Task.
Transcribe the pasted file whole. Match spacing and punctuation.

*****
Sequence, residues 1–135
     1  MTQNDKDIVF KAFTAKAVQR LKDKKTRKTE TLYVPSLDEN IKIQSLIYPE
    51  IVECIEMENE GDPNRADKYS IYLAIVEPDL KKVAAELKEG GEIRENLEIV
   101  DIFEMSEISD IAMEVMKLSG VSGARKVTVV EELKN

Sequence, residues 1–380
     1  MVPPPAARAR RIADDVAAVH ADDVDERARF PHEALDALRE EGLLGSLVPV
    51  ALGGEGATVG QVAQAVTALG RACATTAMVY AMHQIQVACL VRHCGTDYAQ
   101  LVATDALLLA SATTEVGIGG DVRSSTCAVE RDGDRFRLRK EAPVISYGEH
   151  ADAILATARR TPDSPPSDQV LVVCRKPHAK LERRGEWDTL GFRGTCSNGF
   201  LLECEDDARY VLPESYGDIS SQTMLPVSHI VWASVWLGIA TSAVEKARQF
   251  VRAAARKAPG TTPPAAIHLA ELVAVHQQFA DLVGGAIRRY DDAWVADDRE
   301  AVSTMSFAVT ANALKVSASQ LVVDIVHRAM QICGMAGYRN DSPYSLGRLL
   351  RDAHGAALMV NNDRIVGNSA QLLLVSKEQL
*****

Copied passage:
Sequence, residues 1–135
     1  MTQNDKDIVF KAFTAKAVQR LKDKKTRKTE TLYVPSLDEN IKIQSLIYPE
    51  IVECIEMENE GDPNRADKYS IYLAIVEPDL KKVAAELKEG GEIRENLEIV
   101  DIFEMSEISD IAMEVMKLSG VSGARKVTVV EELKN

Sequence, residues 1–380
     1  MVPPPAARAR RIADDVAAVH ADDVDERARF PHEALDALRE EGLLGSLVPV
    51  ALGGEGATVG QVAQAVTALG RACATTAMVY AMHQIQVACL VRHCGTDYAQ
   101  LVATDALLLA SATTEVGIGG DVRSSTCAVE RDGDRFRLRK EAPVISYGEH
   151  ADAILATARR TPDSPPSDQV LVVCRKPHAK LERRGEWDTL GFRGTCSNGF
   201  LLECEDDARY VLPESYGDIS SQTMLPVSHI VWASVWLGIA TSAVEKARQF
   251  VRAAARKAPG TTPPAAIHLA ELVAVHQQFA DLVGGAIRRY DDAWVADDRE
   301  AVSTMSFAVT ANALKVSASQ LVVDIVHRAM QICGMAGYRN DSPYSLGRLL
   351  RDAHGAALMV NNDRIVGNSA QLLLVSKEQL